Elevate Difference

Success and Solitude: Feminist Organizations Fifty Years After The Feminine Mystique

Much ado has been made over the fact that an increasing number of women do not identify themselves with the feminist movement, but there has been little consensus over why this is so. Why, in an era where girls grow up being told “you can be anything you want to be,” do many women reject affiliation with feminism? Author Sarah Maxwell attempts to answer this question in Success and Solitude: Feminist Organizations Fifty Years After The Feminine Mystique. In a meticulously researched book, Maxwell discusses the changing identity of the feminist movement by tracing the identity and numbers of women who have joined feminist organizations since Betty Friedman published The Feminine Mystique in 1963. Specifically, she explores the ways in which conflicting demands upon women have shifted their political allegiances and social identifications, which in turn has shifted the face of feminism itself.

Maxwell points to changes in access to education, professional opportunities, and politics as reasons for why the feminist movement’s numbers have dwindled. With the playing field leveled by increased opportunities for women, Maxwell reasons, the amount of inequality women perceive has drastically declined, even though actual inequalities may be just as present. With lower levels of inequality perceived, Success and Solitude asserts that fewer women feel a need to join feminist organizations or support their mission. Maxwell leaves it up to the reader to decide if this is good or detrimental. Success and Solitude, an academic text, was made more enjoyable by Maxwell’s careful efforts to make her research more than just facts and figures to the reader. However, Maxwell spends too much time defining the terms she uses in her research, and not enough time actually discussing how these terms play out in real women’s lives. This means that, all too frequently, Maxwell belabors the point she is trying to make, without ever making it at all. The real gems in Maxwell’s writing come in the latter part of the book, when she begins to piece together her arguments in an articulate and authoritative manner. It is a shame that just as she seems to be gathering steam in Success and Solitude, the book reaches its end.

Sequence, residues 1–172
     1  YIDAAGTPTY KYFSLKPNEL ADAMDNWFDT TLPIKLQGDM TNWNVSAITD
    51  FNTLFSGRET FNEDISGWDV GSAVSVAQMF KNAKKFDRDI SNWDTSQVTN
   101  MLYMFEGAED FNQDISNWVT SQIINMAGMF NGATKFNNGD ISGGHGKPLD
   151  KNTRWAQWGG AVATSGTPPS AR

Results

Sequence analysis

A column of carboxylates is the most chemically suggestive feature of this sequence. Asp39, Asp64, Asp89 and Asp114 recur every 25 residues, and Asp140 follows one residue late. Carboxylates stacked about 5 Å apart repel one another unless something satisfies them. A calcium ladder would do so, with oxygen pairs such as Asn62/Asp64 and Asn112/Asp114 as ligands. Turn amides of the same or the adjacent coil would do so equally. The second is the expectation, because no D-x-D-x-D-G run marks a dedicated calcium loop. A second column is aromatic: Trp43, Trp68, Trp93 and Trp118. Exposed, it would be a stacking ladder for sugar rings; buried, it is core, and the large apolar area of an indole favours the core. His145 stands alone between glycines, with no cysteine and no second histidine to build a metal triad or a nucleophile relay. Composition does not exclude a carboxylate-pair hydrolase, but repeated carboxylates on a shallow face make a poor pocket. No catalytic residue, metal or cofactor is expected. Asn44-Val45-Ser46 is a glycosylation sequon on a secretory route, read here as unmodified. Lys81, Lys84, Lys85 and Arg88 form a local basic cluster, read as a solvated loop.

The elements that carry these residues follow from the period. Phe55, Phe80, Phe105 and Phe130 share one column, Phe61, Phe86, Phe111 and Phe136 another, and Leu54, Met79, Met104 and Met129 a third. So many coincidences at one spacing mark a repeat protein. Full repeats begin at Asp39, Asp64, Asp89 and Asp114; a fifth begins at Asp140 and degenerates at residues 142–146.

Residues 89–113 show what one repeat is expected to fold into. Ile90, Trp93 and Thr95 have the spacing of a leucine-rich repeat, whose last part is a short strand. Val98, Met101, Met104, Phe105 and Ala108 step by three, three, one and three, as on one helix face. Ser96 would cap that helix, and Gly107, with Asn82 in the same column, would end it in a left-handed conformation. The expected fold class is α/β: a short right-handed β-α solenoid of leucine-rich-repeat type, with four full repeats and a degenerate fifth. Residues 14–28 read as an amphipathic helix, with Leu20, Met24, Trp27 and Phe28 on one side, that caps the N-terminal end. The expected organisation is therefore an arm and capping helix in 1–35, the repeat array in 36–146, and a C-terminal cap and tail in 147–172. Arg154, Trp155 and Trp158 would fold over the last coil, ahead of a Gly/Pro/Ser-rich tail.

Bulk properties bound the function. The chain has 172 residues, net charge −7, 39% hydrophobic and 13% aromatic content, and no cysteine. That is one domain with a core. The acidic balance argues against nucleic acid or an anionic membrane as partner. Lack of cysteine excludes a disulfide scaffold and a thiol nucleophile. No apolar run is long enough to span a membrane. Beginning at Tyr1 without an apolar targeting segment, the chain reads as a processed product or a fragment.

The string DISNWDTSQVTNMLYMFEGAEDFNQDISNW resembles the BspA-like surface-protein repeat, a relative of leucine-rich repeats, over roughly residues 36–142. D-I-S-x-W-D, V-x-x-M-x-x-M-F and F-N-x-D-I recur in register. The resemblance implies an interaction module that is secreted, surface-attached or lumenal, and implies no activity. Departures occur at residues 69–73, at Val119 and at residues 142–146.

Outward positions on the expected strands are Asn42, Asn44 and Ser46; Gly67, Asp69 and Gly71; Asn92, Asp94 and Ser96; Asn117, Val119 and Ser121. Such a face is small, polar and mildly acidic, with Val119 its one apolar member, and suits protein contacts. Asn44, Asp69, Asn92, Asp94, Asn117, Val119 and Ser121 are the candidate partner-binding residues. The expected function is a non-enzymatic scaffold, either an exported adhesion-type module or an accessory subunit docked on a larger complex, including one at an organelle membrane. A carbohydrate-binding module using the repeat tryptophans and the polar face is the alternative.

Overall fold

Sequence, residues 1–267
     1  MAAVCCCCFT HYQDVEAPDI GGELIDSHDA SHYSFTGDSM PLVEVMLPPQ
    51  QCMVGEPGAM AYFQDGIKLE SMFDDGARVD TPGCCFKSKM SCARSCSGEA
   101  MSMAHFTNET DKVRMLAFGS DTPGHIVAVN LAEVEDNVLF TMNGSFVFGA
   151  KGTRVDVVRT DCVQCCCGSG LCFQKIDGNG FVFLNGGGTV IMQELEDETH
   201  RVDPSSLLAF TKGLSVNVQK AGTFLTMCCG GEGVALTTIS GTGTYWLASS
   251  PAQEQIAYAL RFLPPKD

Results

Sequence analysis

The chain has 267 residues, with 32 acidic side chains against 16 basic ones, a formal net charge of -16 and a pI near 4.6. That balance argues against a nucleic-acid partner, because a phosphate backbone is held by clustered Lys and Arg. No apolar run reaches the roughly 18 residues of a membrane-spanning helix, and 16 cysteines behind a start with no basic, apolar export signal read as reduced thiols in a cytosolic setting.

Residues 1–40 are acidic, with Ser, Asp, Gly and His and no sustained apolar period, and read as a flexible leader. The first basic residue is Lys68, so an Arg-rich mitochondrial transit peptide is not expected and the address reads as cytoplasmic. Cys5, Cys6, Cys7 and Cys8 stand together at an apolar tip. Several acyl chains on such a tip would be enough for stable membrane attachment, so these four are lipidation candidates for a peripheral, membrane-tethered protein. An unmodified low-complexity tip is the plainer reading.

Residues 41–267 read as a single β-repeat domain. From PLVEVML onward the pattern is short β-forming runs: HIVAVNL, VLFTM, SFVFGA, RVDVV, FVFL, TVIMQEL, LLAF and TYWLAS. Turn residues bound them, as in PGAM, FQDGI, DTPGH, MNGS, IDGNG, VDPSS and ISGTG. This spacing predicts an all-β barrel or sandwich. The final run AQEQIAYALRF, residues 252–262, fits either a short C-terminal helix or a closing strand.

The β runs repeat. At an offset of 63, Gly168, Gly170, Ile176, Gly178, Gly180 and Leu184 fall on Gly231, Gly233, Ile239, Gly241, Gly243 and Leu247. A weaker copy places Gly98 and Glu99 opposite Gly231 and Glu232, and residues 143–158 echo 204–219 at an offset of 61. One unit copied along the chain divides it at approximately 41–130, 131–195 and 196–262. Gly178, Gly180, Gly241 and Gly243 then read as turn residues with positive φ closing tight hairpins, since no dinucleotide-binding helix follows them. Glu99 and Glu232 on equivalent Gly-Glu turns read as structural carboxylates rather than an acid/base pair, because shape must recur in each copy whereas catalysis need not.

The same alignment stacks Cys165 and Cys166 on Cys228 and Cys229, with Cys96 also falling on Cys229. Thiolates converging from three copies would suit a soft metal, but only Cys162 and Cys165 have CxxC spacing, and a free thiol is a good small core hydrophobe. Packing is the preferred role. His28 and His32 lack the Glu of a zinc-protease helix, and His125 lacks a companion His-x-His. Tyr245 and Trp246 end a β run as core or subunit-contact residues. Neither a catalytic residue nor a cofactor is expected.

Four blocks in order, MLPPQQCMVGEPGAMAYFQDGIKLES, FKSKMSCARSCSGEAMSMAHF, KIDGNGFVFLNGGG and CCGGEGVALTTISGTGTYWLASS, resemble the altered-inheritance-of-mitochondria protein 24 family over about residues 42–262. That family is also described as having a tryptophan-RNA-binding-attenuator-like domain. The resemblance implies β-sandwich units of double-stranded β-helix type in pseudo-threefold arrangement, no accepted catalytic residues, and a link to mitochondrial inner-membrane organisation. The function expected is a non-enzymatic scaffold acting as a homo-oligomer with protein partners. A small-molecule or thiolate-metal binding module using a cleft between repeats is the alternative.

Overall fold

Like any good researcher, Maxwell steers clear of giving her personal opinion and does not try to lead the reader to a particular conclusion. Therefore, the reader is left to answer Maxwell’s most pressing question: does the success of American women necessarily lead to an abandonment of women’s rights organizations? Maxwell’s research suggests that the answer to this question may be more complicated than a simple “yes” or “no.”

Written by: Gwen Emmons, August 7th 2009